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Destiny Wade, 28, an oncology nurse from Crayford, southeast London, was supposed to have a smear test in March, which was cancelled because of the virus.
She had started having some mild symptoms such as bleeding after sex but was told it was probably a popped cyst.
Destiny, who has also had coronavirus, took herself to A&E after a night of heavy bleeding and after three weeks of tests she was diagnosed with cervical cancer.
She has now set up a GoFundMe page and an Instagram account to raise awareness about the importance of smear tests.
She said: "I started having some symptoms in February such as bleeding after sex but I didn't think anything of it.
"In March I was supposed to have a smear test which I do every three years but my GP called me and told me it was cancelled due to Covid-19.
"When I raised that I had some mild symptoms, I was told, 'you are only 27, you have low risk of having cervical cancer so you are not a priority'. I was told I could get an appointment in the next six months."
She went on: "By May the bleeding was every day. One night I had very extreme bleeding and I had a gut feeling, I thought, 'I can't sit on this any longer' so I took myself to A&E.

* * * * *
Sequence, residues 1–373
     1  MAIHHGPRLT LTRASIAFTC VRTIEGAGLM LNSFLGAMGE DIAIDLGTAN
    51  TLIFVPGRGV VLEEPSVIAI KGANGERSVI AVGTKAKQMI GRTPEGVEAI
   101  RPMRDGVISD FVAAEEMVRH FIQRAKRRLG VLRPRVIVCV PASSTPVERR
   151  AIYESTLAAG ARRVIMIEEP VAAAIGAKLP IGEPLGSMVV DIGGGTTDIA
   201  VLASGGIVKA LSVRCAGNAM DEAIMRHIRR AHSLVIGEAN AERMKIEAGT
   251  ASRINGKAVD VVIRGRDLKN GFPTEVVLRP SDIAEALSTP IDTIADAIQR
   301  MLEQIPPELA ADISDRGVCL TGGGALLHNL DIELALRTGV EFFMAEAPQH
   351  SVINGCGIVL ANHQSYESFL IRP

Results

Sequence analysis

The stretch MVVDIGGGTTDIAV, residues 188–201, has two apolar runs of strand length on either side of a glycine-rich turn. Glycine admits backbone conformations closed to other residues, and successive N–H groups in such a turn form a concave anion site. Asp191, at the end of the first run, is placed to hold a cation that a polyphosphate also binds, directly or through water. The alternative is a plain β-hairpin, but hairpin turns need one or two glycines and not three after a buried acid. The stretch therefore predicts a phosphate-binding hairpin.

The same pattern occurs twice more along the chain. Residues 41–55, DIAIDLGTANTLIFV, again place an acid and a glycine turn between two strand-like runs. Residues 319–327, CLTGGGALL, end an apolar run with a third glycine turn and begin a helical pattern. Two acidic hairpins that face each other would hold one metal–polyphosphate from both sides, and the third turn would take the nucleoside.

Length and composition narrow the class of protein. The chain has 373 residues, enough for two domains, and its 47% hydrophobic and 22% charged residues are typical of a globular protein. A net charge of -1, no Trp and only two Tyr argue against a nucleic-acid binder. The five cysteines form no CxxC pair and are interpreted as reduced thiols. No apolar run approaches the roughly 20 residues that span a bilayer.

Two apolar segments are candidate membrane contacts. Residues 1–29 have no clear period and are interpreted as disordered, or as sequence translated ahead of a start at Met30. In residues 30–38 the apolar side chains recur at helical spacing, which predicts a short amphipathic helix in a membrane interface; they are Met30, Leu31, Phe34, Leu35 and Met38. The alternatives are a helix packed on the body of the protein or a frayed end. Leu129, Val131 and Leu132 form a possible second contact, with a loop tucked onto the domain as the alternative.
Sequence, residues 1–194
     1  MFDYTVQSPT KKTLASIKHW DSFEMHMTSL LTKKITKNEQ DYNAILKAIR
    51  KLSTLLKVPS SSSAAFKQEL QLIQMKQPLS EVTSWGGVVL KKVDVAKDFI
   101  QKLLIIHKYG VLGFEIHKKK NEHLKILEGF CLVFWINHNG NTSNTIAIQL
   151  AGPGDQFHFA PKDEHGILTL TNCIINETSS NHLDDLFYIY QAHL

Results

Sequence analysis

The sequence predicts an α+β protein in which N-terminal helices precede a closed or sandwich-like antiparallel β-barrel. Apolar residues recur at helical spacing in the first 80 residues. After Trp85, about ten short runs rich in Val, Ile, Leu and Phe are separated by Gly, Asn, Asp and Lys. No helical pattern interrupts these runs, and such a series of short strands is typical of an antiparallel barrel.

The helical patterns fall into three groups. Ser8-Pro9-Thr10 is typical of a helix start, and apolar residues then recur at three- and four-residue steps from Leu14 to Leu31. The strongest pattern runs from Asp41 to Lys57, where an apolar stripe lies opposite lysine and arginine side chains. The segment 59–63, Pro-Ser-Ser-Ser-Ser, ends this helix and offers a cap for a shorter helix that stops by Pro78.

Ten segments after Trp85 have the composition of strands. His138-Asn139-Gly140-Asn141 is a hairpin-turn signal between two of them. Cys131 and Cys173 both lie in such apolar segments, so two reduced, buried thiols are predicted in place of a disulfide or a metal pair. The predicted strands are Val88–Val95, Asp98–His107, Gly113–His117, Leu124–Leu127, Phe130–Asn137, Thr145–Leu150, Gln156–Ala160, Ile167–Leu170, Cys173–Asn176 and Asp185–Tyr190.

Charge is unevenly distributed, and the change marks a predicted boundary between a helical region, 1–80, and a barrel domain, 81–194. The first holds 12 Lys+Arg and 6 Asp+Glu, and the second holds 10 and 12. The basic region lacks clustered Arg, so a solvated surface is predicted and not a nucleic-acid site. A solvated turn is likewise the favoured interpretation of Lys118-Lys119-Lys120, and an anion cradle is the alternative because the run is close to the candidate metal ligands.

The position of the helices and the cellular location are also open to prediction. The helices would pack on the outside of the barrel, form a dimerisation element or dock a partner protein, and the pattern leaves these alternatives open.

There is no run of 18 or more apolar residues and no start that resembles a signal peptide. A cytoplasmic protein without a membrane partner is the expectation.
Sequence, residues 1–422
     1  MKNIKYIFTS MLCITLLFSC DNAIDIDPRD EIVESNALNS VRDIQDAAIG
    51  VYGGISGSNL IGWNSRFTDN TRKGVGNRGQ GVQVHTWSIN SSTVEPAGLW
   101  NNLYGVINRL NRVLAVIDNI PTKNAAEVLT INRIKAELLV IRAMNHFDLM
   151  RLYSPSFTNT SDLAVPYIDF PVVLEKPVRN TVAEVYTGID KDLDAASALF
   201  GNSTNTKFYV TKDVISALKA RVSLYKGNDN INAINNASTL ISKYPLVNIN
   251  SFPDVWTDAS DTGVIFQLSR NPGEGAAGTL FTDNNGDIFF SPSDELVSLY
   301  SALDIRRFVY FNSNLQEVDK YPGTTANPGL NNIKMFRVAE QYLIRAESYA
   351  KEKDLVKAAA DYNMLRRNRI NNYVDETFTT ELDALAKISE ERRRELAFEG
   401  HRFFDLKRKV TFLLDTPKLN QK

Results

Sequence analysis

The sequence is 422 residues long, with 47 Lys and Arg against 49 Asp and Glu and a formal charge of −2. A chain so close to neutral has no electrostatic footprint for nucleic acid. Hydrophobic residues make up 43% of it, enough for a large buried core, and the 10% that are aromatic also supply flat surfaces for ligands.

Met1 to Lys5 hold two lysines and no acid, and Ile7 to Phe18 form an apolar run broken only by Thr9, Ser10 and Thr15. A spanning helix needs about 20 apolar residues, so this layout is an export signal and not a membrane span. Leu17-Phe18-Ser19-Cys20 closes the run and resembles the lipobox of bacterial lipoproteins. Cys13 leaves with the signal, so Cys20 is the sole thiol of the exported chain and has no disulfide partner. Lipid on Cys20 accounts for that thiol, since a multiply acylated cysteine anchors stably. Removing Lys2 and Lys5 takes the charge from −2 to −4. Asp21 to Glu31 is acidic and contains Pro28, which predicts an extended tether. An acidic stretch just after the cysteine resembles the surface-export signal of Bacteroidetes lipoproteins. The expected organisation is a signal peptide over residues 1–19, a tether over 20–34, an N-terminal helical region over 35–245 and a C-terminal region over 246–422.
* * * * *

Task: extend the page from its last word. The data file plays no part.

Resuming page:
"I remember sitting in the car and thinking they are going to laugh in my face because who takes themselves to A&E for bleeding but I just felt I wanted someone to take a look.
"I was on the bed and the consultant did an internal examination - as soon as I saw her face I knew that something was wrong. She said I had a tumour the size of a tennis ball.
"I am a fit active girl, I work with cancer I thought I'd know if I had it but it turns out you can never know. If I had the smear test I would have caught it in March."
Destiny says her last smear test was in April 2017 and was '100% normal'. Now she has started her first round of chemo for six weeks, followed by another six weeks along with radiotherapy.
She was also devastated to learn the radiotherapy will weaken her womb and she won't be able to carry children.
However she underwent an ovarian transposition - an operation where the ovaries are moved higher up in the body, to minimise the radiotherapy's effect and potentially allow Destiny to have a baby via IVF.
The bodybuilder is determined to beat cancer and is keen on raising awareness for smear tests. She added: "I was told I am on grade three now - if it had been picked up earlier it could have potentially still been at grade one and they could have just removed it."
You can visit Destiny's fundraising page here.
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